SEATTLE, Wash.—The story of Orval begins around 1070 AD.
Princess Matilda, a Duchess of Burgundy, was passing through the forest in what is now Belgium with a group of travelers. They stopped to rest near a clear spring, and as Matilda trailed her hand in the water her wedding ring – a memento of her deceased husband – slipped off her finger and quickly sank. Matilda’s heart sank along with the ring, but she fell to her knees and prayed for its return.
Imagine her delight when a trout swam up to the surface with her gold ring in its mouth, returning it to her! She proclaimed this area to be a “Golden Valley,” and gave the land to the church to establish a monastery. To this day, the trout and ring can be seen in Orval’s logo.
The first church was consecrated at Notre-Dame d’Orval in 1124, and the monastery became part of the Cistercian (Trappist) order in 1132. Orval was rebuilt after fire in 1252, and rebuilt again after a complete sacking and pillaging in 1637, during the Thirty Years War. But when Napoleon’s General Loison sacked and burned Orval in June 1793 everything was wiped out. The community was disbanded in 1795.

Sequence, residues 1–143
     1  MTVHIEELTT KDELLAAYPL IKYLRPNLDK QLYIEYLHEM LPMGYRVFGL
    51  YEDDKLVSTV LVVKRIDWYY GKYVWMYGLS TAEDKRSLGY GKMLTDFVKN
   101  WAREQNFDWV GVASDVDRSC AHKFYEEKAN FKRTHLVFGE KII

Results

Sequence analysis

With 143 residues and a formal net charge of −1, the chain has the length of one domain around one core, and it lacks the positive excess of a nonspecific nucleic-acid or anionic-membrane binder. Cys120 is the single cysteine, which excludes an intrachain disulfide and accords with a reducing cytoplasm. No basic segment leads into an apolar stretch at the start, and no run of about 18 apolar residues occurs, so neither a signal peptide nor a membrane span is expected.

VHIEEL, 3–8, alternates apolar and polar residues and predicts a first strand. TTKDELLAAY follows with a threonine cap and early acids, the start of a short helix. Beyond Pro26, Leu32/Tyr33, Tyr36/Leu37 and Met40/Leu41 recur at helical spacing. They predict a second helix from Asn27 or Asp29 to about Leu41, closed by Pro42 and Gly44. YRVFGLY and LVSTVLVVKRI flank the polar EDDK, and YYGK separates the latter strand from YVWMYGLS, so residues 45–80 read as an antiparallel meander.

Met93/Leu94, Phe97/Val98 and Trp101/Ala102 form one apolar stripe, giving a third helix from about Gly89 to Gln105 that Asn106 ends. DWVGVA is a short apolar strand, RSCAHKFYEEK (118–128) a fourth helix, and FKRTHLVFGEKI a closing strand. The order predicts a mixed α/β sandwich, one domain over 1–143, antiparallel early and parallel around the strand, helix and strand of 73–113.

But in 1926, the rebirth of Orval began – and a brewery was included in the construction plans, as a traditional way of earning revenue for construction and daily operations.
Over the decades since, Orval Trappist Ale has earned global recognition: there is no other beer like it. It’s made from pale and caramel malts, with liquid candi sugar; it’s fermented by the Orval yeast strain, dry-hopped, then bottle-conditioned with Brettanomyces, a yeast that consumes complex sugars. This leads to Orval’s ageworthiness; its dry finish; a bold, acidic sharpness; and a sourness that is somehow soft and appealing.
On March 26th, 2016, devotees of Orval Trappist Ale – and even some folks who haven’t tried it yet – will convene at bars across the US to celebrate the first annual Orval Day. Check our events page to find an Orval Day venue near you – join us!
(While profits from Orval and other Trappist breweries go to charity at the brewery level, a portion of the proceeds from every bottle of Orval sold on Orval Day will be donated to MAP International.)